Wednesday, November 23, 2011
Franz Ferdinand - Franz Ferdinand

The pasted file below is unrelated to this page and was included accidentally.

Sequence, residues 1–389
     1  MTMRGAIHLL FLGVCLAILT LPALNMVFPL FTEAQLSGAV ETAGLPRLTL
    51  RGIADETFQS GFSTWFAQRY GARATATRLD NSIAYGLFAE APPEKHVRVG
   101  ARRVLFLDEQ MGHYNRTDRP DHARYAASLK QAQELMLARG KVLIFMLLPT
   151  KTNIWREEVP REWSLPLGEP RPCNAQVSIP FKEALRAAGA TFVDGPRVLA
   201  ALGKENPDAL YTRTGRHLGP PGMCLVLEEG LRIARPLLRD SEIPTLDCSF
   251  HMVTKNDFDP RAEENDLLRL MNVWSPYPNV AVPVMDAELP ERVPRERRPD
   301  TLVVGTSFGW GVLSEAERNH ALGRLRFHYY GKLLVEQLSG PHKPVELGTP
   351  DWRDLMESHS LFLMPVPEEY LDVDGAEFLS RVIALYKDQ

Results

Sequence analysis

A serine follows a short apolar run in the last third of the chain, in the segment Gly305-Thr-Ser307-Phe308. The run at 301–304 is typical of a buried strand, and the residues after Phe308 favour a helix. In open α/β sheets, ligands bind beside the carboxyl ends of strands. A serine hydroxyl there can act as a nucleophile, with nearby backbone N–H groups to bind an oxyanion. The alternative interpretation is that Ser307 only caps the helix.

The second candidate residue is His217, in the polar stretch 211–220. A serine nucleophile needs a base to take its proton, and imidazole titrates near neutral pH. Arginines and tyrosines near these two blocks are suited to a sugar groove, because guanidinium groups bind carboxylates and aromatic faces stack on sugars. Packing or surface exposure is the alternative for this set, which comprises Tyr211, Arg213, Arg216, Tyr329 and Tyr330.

When I became obsessed with Belle and Sebastian back in the late 1990s I started following the Scottish pop scene. I discovered a lot of really good bands that way. That was how I first heard of Franz Ferdinand. They didn't sound all that interesting to me, but I filed them away in my brain as a topic for future investigation. Then before I knew it, they broke big in the United States rapidly becoming the biggest Scottish band over here much to my surprise. "Take Me Out" was all over the airwaves and I saw videos of these sharp-dressed pretty boys playing their dance pop and dismissed them as the Duran Duran of the 2000s. I had some female friends who were really into them and they would come back from shows raving about them but I wasn't convinced. Then I came across a sealed vinyl copy of their debut album in a thrift store and decided to pick it up for a spin and realized that they were better than I thought. This album may be a bit lightweight and derivative, but it is never dull and it gets me hopping. A lot of it is insanely catchy dance pop, like the two hits "Take Me Out" and "This Fire" as well as "The Dark of the Matinee" which has an enticing theatrical feeling to it and some of the most sophisticated lyrics on the record. "Auf Achse," "Darts of Pleasure," "Michael" and "Come on Home" are also designed for the dance floor and really deliver the goods. There is a 1980s flavor to these songs but they are mostly guitar driven rather than synth driven much to my approval. You can also hear art rock-ish elements suggestive of Roxy Music or David Bowie particularly in Alex Kapranos' mannered vocals. The big hooky bass lines and spiky rhythm guitar recall the New Wave funk of Talking Heads or Gang of Four. Some songs deviate from the formula. My favorite song is "Jacqueline" which starts slow like a cabaret song and then the pounding bass kicks in soon joined by a killer guitar riff and an exciting nouveau-garage style song ensues that sounds like the Strokes only better. The riff-happy "Cheating on You" is another first rate rocker that really gets me going. "Tell Her Tonight" sounds like 80s punk-funk in the verses but goes 1960s in the chorus, I find the shifting textures and driving beat very compelling. Almost all the songs deal with romance aside from "40'" which is about a diver contemplating the water below him and features some of my favorite guitar work on the record. As far as intelligent dance pop goes, this album is a real winner. It is relentless in its drive and compulsive beat, I can't sit still when it is playing, but it also has clever lyrics and musical variety. I find a lot of dance pop to be either inane or monotonous, okay for a club or party, but not for listening. In contrast Franz Ferdinand appreciate traditional pop values and write well-crafted songs. I give them extra points as well for their use of Russian Constructivism in their design graphics. Recommended for smart kids who like to dance.